It has been four days since we said good-bye to our sweet, old dog, Samwise. He was diagnosed with cancer about a month ago, and though they thought he would have about 6 months left, things went sideways this time last week and quickly spiraled.
It was simply his time.
Even as a grief writer and author, I’ve found myself at a loss to really convey the depth of what I’m feeling or the nature of our relationship. Though perhaps anybody who has been lucky enough to be blessed with the love of a sweet old dog already knows the depth and nature of which I speak.
They say that those who have cancer travel close to God, and I figure this must be true of Sam as there was something so pure and angelic about him he always felt otherworldly. He was the guardian angel of our family and inhabited the deepest and softest part of our hearts.
And so I’ve found myself on a new grief passage, learning new lessons on grief that I don’t really feel like experiencing or learning. Recent years have brought a lot of loss into my life and after a while you get tired of the losing.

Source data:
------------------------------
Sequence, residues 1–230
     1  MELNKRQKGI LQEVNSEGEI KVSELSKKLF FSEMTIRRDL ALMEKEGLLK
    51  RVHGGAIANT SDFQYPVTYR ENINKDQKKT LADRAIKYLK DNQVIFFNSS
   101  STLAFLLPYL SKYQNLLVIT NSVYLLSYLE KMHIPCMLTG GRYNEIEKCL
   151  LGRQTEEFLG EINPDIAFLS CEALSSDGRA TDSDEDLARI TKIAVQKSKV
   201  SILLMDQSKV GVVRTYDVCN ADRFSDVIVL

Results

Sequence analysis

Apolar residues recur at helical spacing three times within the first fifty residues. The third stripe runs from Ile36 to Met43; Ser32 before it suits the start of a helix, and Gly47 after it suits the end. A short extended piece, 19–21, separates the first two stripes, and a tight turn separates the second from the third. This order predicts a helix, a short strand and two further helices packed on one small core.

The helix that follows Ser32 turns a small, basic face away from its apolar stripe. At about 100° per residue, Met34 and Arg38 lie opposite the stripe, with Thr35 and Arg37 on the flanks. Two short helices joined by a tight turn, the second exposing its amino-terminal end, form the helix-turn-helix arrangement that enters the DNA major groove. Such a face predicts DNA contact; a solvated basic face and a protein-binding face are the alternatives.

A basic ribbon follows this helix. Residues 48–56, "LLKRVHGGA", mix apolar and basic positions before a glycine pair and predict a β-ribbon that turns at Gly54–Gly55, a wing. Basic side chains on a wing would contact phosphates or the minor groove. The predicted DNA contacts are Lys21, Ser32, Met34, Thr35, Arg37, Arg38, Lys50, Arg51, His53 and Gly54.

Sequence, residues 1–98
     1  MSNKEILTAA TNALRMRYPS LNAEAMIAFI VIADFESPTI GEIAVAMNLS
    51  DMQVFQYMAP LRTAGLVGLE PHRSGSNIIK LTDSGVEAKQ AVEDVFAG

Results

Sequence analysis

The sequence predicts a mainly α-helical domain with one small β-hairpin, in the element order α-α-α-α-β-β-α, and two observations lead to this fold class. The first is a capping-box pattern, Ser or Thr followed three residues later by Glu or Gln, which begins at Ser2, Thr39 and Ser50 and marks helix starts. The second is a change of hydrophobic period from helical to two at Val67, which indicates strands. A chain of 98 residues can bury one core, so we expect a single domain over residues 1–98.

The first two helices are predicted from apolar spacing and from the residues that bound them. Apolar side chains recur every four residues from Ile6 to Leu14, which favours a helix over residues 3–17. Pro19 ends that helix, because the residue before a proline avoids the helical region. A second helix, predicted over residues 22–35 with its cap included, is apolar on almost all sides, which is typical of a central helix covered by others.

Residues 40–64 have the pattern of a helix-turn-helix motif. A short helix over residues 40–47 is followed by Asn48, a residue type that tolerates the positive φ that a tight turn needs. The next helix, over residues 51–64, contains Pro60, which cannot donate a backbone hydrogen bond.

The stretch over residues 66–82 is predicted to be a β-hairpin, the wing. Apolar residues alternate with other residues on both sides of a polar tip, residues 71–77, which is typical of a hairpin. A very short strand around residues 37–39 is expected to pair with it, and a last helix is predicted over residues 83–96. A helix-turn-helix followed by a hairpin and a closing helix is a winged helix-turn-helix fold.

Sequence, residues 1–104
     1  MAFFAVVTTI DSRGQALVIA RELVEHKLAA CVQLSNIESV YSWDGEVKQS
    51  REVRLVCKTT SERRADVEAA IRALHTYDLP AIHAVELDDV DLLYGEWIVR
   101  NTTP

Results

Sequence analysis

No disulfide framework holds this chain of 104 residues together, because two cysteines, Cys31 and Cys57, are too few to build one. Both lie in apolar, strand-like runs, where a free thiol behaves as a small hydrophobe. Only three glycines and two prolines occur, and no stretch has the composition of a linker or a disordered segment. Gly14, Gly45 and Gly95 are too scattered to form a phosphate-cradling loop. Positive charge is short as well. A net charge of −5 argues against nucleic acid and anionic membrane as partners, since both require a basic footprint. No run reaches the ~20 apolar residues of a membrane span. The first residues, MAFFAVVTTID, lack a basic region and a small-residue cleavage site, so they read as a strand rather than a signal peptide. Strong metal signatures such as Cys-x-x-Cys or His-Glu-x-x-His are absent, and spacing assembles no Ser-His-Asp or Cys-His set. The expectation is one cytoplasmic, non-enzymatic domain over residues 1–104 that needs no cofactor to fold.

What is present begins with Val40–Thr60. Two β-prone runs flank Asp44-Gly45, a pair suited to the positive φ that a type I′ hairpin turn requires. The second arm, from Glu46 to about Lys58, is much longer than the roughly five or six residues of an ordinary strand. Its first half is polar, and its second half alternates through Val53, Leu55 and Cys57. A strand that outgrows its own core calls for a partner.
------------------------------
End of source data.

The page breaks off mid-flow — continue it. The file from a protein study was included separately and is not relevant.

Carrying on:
But nobody ever wants to take a grief passage; they are never convenient and rarely welcome. Yet that doesn’t matter to grief- it simply appears in its own time, and we find ourselves unwittingly stepping onto its landscape.
Grief comes in and rearranges us, and all I’ve learned to do is offer myself up for the rearranging. Read More